55. Ahn KH, Mahmoud MM, Shim JY, Kendall DA. Distinct Roles of β-Arrestin 1 and β-Arrestin 2 in ORG27569-Induced Biased Signaling and Internalization of the Cannabinoid Receptor 1 (CB1). J Biol Chem (2013) 288(14):9790–800. doi: 10.1074/jbc.M112.438804

PubMed Abstract | CrossRef Full Text | Google Scholar

56. He JC, Gomes I, Nguyen T, Jayaram G, Ram PT, Devi LA, et al. The G Alpha(O/I)-Coupled Cannabinoid Receptor-Mediated Neurite Outgrowth Involves Rap Regulation of Src and Stat3. J Biol Chem (2005) 280(39):33426–34. doi: 10.1074/jbc.M502812200

PubMed Abstract | CrossRef Full Text | Google Scholar

57. Gaffuri AL, Ladarre D, Lenkei Z. Type-1 Cannabinoid Receptor Signaling in Neuronal Development. Pharmacology (2012) 90(1-2):19–39. doi: 10.1159/000339075

PubMed Abstract | CrossRef Full Text | Google Scholar

58. Turu G, Simon A, Gyombolai P, Szidonya L, Bagdy G, Lenkei Z, et al. The Role of Diacylglycerol Lipase in Constitutive and Angiotensin AT1 Receptor-Stimulated Cannabinoid CB1 Receptor Activity. J Biol Chem (2007) 282(11):7753–7. doi: 10.1074/jbc.C600318200

PubMed Abstract | CrossRef Full Text | Google Scholar

59. Howlett AC, Reggio PH, Childers SR, Hampson RE, Ulloa NM, Deutsch DG. Endocannabinoid Tone Versus Constitutive Activity of Cannabinoid Receptors. Br J Pharmacol (2011) 163(7):1329–43. doi: 10.1111/j.1476-5381.2011.01364.x

PubMed Abstract | CrossRef Full Text | Google Scholar

60. Rozenfeld R, Devi LA. Regulation of CB1 Cannabinoid Receptor Trafficking by the Adaptor Protein AP-3. FASEB J (2008) 22(7):2311–22. doi: 10.1096/fj.07-102731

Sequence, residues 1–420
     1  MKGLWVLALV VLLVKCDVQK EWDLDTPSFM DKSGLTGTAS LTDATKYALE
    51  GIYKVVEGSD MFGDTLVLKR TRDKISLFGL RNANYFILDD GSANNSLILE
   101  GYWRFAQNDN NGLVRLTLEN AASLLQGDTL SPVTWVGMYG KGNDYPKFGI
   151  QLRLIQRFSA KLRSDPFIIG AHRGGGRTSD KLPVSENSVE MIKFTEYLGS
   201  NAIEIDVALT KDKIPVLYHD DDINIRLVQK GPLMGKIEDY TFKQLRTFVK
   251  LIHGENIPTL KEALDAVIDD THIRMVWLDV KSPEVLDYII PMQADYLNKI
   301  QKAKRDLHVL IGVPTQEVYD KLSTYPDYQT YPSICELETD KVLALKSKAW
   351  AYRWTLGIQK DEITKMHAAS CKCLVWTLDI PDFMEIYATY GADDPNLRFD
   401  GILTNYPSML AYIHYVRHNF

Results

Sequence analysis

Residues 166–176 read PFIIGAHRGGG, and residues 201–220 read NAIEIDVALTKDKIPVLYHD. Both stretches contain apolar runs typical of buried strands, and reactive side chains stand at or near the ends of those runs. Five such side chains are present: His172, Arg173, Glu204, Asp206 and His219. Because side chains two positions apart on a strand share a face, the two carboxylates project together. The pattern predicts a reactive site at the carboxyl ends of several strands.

PubMed Abstract | CrossRef Full Text | Google Scholar

61. Gyombolai P, Boros E, Hunyady L, Turu G. Differential Beta-Arrestin2 Requirements for Constitutive and Agonist-Induced Internalization of the CB1 Cannabinoid Receptor. Mol Cell Endocrinol (2013) 372(1-2):116–27. doi: 10.1016/j.mce.2013.03.013

PubMed Abstract | CrossRef Full Text | Google Scholar

62. Faussner A, Bauer A, Kalatskaya I, Jochum M, Fritz H. Expression Levels Strongly Affect Ligand-Induced Sequestration of B2 Bradykinin Receptors in Transfected Cells. Am J Physiol Heart Circ Physiol (2003) 284(6):H1892–8. doi: 10.1152/ajpheart.01147.2002

PubMed Abstract | CrossRef Full Text | Google Scholar

Keywords: CB1 receptor, receptor degradation, cannabinoids, weak promoters, heterologous expression, non-canonical signaling

Citation: Horváth VB, Soltész-Katona E, Wisniewski É, Rajki A, Halász E, Enyedi B, Hunyady L, Tóth AD and Szanda G (2021) Optimization of the Heterologous Expression of the Cannabinoid Type-1 (CB1) Receptor. Front. Endocrinol. 12:740913. doi: 10.3389/fendo.2021.740913

Received: 13 July 2021; Accepted: 21 September 2021;
Published: 20 October 2021.

Edited by:

Marta Letizia Hribal, University of Catanzaro, Italy

Reviewed by:

Miles Douglas Thompson, University of California, San Diego, United States
Shupeng Li, Peking University, China

Copyright © 2021 Horváth, Soltész-Katona, Wisniewski, Rajki, Halász, Enyedi, Hunyady, Tóth and Szanda. This is an open-access article distributed under the terms of the Creative Commons Attribution License (CC BY). The use, distribution or reproduction in other forums is permitted, provided the original author(s) and the copyright owner(s) are credited and that the original publication in this journal is cited, in accordance with accepted academic practice. No use, distribution or reproduction is permitted which does not comply with these terms.

*Correspondence: Gergő Szanda,